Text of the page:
Anyone convicted of a felony in Illinois can expect the charge to stay on their record for life unless there is a possibility of record expungement sometime in the future. Expungement is not offered as a general rule in Illinois. However, sealing is possible depending on the type of crime associated with the conviction. Felonies are easily the most serious criminal matters in any court system, and the details of the case can impact the decision to expunge in specific criminal situations.
Qualification for sealing
The first test for a record sealing is the type of crime and the date of release from custody and parole. Almost all convicted defendants will exit through the parole system as they return to society, and parole gives the state an opportunity to monitor behavior for a specific amount of time until they are assured the parolee poses no limited risk to the community. Different felonies have differing waiting periods for expungement requests, but 2-5 years is standard.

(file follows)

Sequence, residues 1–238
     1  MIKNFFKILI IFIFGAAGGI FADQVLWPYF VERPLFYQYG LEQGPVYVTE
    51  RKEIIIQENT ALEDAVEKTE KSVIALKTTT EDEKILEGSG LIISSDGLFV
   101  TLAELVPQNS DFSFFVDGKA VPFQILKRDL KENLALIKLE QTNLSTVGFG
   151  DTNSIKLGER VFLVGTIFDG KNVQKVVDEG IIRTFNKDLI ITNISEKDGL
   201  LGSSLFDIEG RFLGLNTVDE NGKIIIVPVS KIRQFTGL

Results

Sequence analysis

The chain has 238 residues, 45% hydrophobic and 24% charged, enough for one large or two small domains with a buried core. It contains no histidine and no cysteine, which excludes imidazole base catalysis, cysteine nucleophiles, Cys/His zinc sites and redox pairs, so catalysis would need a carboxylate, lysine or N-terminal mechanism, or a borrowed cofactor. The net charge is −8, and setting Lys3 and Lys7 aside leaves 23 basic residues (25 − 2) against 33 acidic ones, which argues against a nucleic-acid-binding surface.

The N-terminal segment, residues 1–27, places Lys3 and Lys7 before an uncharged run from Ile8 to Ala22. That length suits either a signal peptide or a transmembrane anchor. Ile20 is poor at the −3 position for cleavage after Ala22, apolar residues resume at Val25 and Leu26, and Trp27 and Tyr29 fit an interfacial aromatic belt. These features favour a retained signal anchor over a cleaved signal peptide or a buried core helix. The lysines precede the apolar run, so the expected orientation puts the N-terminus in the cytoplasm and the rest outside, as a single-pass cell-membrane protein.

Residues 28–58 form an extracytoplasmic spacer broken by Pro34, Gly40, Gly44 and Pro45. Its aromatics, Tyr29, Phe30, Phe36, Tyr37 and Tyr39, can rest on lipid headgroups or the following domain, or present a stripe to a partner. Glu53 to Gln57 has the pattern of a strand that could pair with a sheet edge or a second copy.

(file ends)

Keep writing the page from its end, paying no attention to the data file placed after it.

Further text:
Restricted felony conviction sealing
There are some felony classifications that cannot be sealed for any reason. Those begin with sex offenses or any crime of a violent nature, and cases involving guns in the commission of a crime. Domestic violence cases also cannot be sealed, and there is a specific designation of no sealing for drunk driving convictions of any type.
Sealing serious felonies typically involves an attorney filing a petition with the court and allowing the judge to review the case particulars. The prosecutor will be informed and has an opportunity to contest the order. There will be a hearing when this occurs, but other than this the final decision rests with the judge.
It is always best to research whether or not a particular felony is eligible for expungement before beginning any process request. Many convictions are actually not eligible, especially those classified in the upper felony levels.